It’s The Little Things

Do you enjoy burying your thread ends after quilting? If you do, please stop reading this and give me your address so I can send you some work.

If you also find this a wearisome chore, have you tried the method shown in this video by Grace Howes? As is often the case, this technique has many mothers. Robbi Joy Eklow first blogged about it, then Grace decided to make a video to show how it works. I stumbled upon it after I struggled to bury some very short thread ends and decided to consult the internet for solutions.

Up to now I’ve tied a square knot in my thread ends, threaded the ends onto a large eye needle (many people use a self threading needle), and then pushed the needle in very close to where the threads exit and out of my quilt back about an inch away. I cut off the thread ends even with the back and rubbed the area with a fingernail to hide any hole.

This method worked fine as long as my ends were a few inches long. However, sometimes the ends were really short – maybe an inch long.

The genius of the Eklow/Howes method is you make a thread loop by putting both ends of a 6 to 8 inch long thread through a needle’s eye, insert the needle into the place where the threads to be buried exit the quilt and then push the needle back out about one to two inches away from the insertion point. Don’t pull the loop through yet. First, shove the quilting thread ends into the loop and pull them into the quilt’s interior by gently tugging the needle until the loop comes out. Clip those thread ends close to the back and save that needle already threaded with a loop for the next time.

I know it sounds complicated, but it really works. And if you’re careful, you only have to thread a needle once. My apologies if I’m the last to learn this technique.

 

13 Comments

Filed under Techniques

13 responses to “It’s The Little Things

  1. I found these needles which let you get a really short end… you can stick the needle into the fabric up to the hold and then put the short ends into the needle eye without having to thread it. Take’s a very teensy bit of time to bury even the shortest threads compared to threading the eye of a needle any needle at all. http://www.spiraleyeneedles.com

    • Thanks for letting me know about yet another option. I don’t usually have trouble threading needles, unless they’re the pinhole eye types, so I’m a neophyte about needle nuances. Have you tried this type?

  2. patty

    What I do if the threads are too short, I stick the needle in the fabric between the layers like the needle was already threaded up to the eye of the needle, then I thread the needle with those short ends. Push the needle thru the layers and pull it out. Threads are buried!

  3. I usually just make small stitches or stitch on top of my previous stitches and hope that nothing will come apart, but I have felt that maybe I should be burying thread ends. Thank you for what seems to be a very manageable method!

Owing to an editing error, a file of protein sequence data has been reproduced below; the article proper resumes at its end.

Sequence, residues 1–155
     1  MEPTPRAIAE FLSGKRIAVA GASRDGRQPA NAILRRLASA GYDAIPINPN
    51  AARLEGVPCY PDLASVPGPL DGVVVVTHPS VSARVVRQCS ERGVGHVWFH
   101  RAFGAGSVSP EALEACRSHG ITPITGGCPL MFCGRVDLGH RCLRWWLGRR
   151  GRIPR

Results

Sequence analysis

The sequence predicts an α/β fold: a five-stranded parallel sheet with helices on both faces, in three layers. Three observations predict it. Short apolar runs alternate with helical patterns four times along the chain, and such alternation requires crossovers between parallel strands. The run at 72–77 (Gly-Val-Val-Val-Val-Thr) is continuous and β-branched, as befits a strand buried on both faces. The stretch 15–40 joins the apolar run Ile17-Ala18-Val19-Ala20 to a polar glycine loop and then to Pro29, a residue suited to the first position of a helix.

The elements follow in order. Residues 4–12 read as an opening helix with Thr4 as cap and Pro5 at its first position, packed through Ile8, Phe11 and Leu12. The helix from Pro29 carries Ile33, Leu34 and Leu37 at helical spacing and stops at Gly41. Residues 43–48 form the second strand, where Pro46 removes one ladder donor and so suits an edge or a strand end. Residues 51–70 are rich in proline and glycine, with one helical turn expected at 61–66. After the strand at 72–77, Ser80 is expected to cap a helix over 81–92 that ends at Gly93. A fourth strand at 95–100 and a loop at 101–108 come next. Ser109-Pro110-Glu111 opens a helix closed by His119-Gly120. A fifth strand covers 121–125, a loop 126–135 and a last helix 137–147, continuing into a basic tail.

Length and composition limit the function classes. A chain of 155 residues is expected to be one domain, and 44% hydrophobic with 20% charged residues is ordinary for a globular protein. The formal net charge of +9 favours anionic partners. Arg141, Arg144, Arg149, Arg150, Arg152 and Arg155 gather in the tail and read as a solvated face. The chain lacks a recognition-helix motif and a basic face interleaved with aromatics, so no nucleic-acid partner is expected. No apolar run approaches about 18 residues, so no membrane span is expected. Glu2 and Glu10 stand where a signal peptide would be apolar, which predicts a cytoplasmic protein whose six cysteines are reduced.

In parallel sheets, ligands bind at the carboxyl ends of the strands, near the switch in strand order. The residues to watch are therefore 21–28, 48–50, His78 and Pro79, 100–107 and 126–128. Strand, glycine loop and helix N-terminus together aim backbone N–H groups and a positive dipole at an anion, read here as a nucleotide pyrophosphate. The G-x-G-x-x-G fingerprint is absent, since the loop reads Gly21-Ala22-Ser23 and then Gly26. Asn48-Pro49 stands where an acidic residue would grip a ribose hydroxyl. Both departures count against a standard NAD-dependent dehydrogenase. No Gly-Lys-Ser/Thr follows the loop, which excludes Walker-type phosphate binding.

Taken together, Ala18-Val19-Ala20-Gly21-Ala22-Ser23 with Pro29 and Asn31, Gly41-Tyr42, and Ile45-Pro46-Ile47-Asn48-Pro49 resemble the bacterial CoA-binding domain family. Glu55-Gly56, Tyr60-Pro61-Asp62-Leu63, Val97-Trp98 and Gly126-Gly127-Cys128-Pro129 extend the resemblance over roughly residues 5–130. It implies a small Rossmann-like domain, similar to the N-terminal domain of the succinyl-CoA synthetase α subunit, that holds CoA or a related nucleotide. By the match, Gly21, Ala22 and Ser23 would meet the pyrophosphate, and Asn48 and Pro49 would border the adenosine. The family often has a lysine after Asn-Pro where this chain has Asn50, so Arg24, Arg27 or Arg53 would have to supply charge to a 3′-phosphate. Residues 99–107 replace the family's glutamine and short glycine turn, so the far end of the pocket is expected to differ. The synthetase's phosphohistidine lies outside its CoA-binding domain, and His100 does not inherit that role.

4. jennyklyon

    I never heard of this either-great method-thank you for sharing! Wish I’d known this method last year when I had hundreds of ends to bury…

  5. I just make a French knot with the needle threaded and bury the knot – not difficult at all – if the thread is too short unpick some until you have a long enough thread to work with. Why tie the knot by hand?

    • Good to know about your method. However, if you ever saw my french knots you’d see why I hand tie my knots. Sometimes I absentmindedly push the button on my machine that automatically cuts the thread. This leaves a tail that’s less than an inch long. I really can’t unpick enough stitches to get the length needed to even put the stumpy thread end through a needle’s eye.

  6. I hadn’t heard it before. Seems like a good solution when in that situation. Thanks for sharing.

    • I try to plan my quilting so I’m starting/stopping at the quilt edge, but sometimes that just won’t work out, so I like to have a backup plan.

      • Using the longarm, if I have a thread break or bobbin runs out, I don’t have thread ends unless I pull stitches very very very very carefully. I don’t try. Instead I tackstitch over the top of the last few stitches and keep going. It shows if you know what you’re looking for, and happen to spot it. But my quilts aren’t going to be inspected at that level. So that almost always works for me. On the other hand, stitching on labels or hand-stitching binding always leaves at least one thread end, and sometimes they are of awkward length. So this is a good tip to know. Thanks again.

      • I too will sew on top of the end of my previous stitches. As you say, it depends on how you plan to use the quilt. For a bed, lap, or baby quilt I go for sturdiness above all. If a “picky butt judge” (this is the term used by a longtime member of my guild) will be examining my work closely, I’ll use more cosmetic methods.

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